Stunell, rh Sir Andrew

Sturdy, Julian

Swales, Ian

Swayne, rh Mr Desmond

Swinson, Jo

Swire, rh Mr Hugo

Syms, Mr Robert

Teather, Sarah

Thornton, Mike

Timpson, Mr Edward

Tomlinson, Justin

Tredinnick, David

Turner, Mr Andrew

Tyrie, Mr Andrew

Uppal, Paul

Vickers, Martin

Walker, Mr Charles

Walker, Mr Robin

Wallace, Mr Ben

Ward, Mr David

Watkinson, Dame Angela

Weatherley, Mike

Webb, rh Steve

Wharton, James

Wheeler, Heather

White, Chris

Whittaker, Craig

Whittingdale, Mr John

Wiggin, Bill

Willetts, rh Mr David

Williams, Mr Mark

Williams, Roger

Williamson, Gavin

Willott, Jenny

Wilson, Mr Rob

Wright, rh Jeremy

Wright, Simon

Yeo, Mr Tim

Young, rh Sir George

Tellers for the Noes:

Dr Thérèse Coffey


Harriett Baldwin

Question accordingly negatived.

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15 Oct 2014 : Column 410

15 Oct 2014 : Column 411

15 Oct 2014 : Column 412

Business without Debate

Delegated Legislation

Madam Deputy Speaker (Mrs Eleanor Laing): With the leave of the House, we shall take motions 3 and 4 together.

Motion made, and Question put forthwith (Standing Order No. 118(6))


That the draft Copyright and Rights in Performances (Certain Permitted Uses of Orphan Works) Regulations 2014, which were laid before this House on 7 July, be approved.

That the draft Copyright and Rights in Performances (Licensing of Orphan Works) Regulations 2014, which were laid before this House on 7 July, be approved.—(John Penrose.)

Question agreed to.

15 Oct 2014 : Column 413

Motion made, and Question put forthwith (Standing Order No. 118(6))

Constitutional Law

That the draft Scotland Act 1998 (Transfer of Functions to the Scottish Ministers etc.) Order 2014, which was laid before this House on 7 July, be approved.—(John Penrose.)

Question agreed to.

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Public Sector Executive Pay and Governance

Motion made, and Question proposed, That this House do now adjourn.—(John Penrose.)

7.16 pm

Mr David Amess (Southend West) (Con): The Economic Secretary to the Treasury and I are both Members of Parliament and politicians, and, as such, we are under no illusion as to how politicians are regarded. We are blamed when things go wrong and, from time to time, we are praised when things go right, and we make no apology for any of that. As Members of Parliament, we are paid £67,060, and the pay for the Prime Minister is £142,500. Some people would say that that is a lot of money, and it is compared with the pay of all sorts of people, but the Minister and I are judged by the electorate every five years. If they do not like us, they can get rid of us, and if they do not like our party, we may pay the price for that too, so we are constantly judged.

What I am increasingly angered by is the way public sector governance and executive pay are not working. I am sick to death of the relationship between chief executives and the chairmen of local authorities. There seems to be, in all sectors, a very cosy relationship, and there is no rigorous scrutiny whatever. The late Baroness Thatcher once famously stated:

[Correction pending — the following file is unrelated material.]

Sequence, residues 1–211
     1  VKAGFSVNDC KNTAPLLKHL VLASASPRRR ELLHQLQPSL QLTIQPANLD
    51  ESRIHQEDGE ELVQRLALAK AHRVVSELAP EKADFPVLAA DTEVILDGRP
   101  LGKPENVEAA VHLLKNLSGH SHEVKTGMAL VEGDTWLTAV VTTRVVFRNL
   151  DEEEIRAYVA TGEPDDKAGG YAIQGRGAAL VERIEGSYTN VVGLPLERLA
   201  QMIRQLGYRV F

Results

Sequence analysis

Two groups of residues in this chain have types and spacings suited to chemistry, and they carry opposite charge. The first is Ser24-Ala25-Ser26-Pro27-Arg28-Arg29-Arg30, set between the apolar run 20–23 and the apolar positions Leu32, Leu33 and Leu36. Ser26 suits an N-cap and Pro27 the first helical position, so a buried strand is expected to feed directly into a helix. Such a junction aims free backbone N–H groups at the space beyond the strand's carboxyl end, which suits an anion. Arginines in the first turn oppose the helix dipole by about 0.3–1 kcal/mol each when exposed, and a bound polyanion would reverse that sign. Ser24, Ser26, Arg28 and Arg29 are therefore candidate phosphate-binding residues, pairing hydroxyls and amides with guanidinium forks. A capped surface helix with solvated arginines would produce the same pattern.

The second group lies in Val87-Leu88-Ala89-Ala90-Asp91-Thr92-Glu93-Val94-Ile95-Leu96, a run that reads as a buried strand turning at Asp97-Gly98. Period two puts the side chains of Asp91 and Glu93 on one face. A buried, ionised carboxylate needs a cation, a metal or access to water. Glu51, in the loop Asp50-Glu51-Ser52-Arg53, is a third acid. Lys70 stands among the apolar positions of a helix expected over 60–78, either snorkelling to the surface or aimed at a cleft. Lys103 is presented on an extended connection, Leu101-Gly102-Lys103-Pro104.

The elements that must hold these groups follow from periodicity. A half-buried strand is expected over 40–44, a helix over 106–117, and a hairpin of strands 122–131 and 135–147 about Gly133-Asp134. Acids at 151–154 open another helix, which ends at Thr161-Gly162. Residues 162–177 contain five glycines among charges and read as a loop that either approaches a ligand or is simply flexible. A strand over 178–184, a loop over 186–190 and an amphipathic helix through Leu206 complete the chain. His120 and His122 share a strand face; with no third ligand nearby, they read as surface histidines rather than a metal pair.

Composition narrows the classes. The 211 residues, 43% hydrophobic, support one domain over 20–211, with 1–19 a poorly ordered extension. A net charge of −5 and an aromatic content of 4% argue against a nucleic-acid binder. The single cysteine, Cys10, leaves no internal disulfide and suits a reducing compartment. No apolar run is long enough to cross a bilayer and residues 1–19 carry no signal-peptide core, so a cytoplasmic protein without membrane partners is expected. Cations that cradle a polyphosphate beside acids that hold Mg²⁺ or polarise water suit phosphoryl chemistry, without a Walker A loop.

“There is no such thing as public money; there is only taxpayers’ money.”

I called for this debate because there is, and has been under previous Governments, a huge problem with the ease with which taxpayers’ money is spent.

There are many hard-working people in the public sector, and I praise all of them, including those in the health service, the police and education, for doing a fantastic job under difficult circumstances. Thirty-one years ago, when I became a Member of Parliament, I did not think that I would be making this speech. I now think that the management of some public services is not up to scratch, and the salaries paid to the executive directors are in many cases absolutely outrageous and unjustifiable.

I have, of course, touched on this subject in previous debates, but I am sadly not sure that any action has been taken as a result of what I said. I have been looking very closely at how the management of my local public services function and to say that I have been unsatisfied with them would be an understatement. Of course, Madam Deputy Speaker, you are a fellow Essex Member and are proud to be so, and I am well aware that some of these organisations serve your constituency as well.

I have raised the issue of my local mental health trust, the South Essex Partnership University NHS Foundation Trust—or SEPT—my local hospital and probation services on many occasions in the House. Let me repeat once again that I will not let the matter drop when it comes to any of those services until I see a satisfactory and radical change of management.

This is not just about Essex and my constituency of Southend West. It is a nationwide issue. At 48.5% of our GDP, we have one of the highest public spending levels in the world. We spend more on public services than Germany, Japan, Canada, the USA, Brazil, Russia,

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Australia, Switzerland, South Africa or Singapore. Whereas I wholeheartedly support our hard-working medical staff and our wonderful police officers, taxpayers’ money could be managed much more efficiently and fairly.